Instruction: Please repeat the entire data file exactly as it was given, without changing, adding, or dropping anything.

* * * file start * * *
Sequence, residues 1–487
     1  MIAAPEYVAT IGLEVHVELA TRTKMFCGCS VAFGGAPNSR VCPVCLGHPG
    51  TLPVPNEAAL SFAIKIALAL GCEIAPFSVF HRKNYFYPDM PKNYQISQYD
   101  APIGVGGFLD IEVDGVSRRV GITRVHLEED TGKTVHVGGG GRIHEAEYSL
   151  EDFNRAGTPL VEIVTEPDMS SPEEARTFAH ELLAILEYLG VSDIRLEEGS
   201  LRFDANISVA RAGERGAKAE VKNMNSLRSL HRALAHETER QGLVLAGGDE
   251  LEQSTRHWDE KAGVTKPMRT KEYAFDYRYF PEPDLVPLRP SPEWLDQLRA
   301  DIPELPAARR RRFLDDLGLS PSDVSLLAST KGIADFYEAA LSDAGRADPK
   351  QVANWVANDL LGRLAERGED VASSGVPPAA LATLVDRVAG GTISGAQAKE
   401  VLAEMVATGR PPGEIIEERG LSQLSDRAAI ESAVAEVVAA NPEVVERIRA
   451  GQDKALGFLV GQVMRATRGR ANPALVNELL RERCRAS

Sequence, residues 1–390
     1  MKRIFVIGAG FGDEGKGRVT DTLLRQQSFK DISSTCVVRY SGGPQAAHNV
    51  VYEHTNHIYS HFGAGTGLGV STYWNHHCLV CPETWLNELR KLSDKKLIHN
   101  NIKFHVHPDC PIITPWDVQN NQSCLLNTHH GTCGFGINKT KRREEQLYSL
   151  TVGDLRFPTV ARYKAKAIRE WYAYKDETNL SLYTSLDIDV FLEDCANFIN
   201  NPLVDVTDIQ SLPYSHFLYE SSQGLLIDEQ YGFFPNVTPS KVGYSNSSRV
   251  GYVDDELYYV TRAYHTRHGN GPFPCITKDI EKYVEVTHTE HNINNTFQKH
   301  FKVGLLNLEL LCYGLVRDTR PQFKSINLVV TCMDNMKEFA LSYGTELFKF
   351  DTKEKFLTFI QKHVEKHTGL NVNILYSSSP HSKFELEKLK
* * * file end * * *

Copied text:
Sequence, residues 1–487
     1  MIAAPEYVAT IGLEVHVELA TRTKMFCGCS VAFGGAPNSR VCPVCLGHPG
    51  TLPVPNEAAL SFAIKIALAL GCEIAPFSVF HRKNYFYPDM PKNYQISQYD
   101  APIGVGGFLD IEVDGVSRRV GITRVHLEED TGKTVHVGGG GRIHEAEYSL
   151  EDFNRAGTPL VEIVTEPDMS SPEEARTFAH ELLAILEYLG VSDIRLEEGS
   201  LRFDANISVA RAGERGAKAE VKNMNSLRSL HRALAHETER QGLVLAGGDE
   251  LEQSTRHWDE KAGVTKPMRT KEYAFDYRYF PEPDLVPLRP SPEWLDQLRA
   301  DIPELPAARR RRFLDDLGLS PSDVSLLAST KGIADFYEAA LSDAGRADPK
   351  QVANWVANDL LGRLAERGED VASSGVPPAA LATLVDRVAG GTISGAQAKE
   401  VLAEMVATGR PPGEIIEERG LSQLSDRAAI ESAVAEVVAA NPEVVERIRA
   451  GQDKALGFLV GQVMRATRGR ANPALVNELL RERCRAS

Sequence, residues 1–390
     1  MKRIFVIGAG FGDEGKGRVT DTLLRQQSFK DISSTCVVRY SGGPQAAHNV
    51  VYEHTNHIYS HFGAGTGLGV STYWNHHCLV CPETWLNELR KLSDKKLIHN
   101  NIKFHVHPDC PIITPWDVQN NQSCLLNTHH GTCGFGINKT KRREEQLYSL
   151  TVGDLRFPTV ARYKAKAIRE WYAYKDETNL SLYTSLDIDV FLEDCANFIN
   201  NPLVDVTDIQ SLPYSHFLYE SSQGLLIDEQ YGFFPNVTPS KVGYSNSSRV
   251  GYVDDELYYV TRAYHTRHGN GPFPCITKDI EKYVEVTHTE HNINNTFQKH
   301  FKVGLLNLEL LCYGLVRDTR PQFKSINLVV TCMDNMKEFA LSYGTELFKF
   351  DTKEKFLTFI QKHVEKHTGL NVNILYSSSP HSKFELEKLK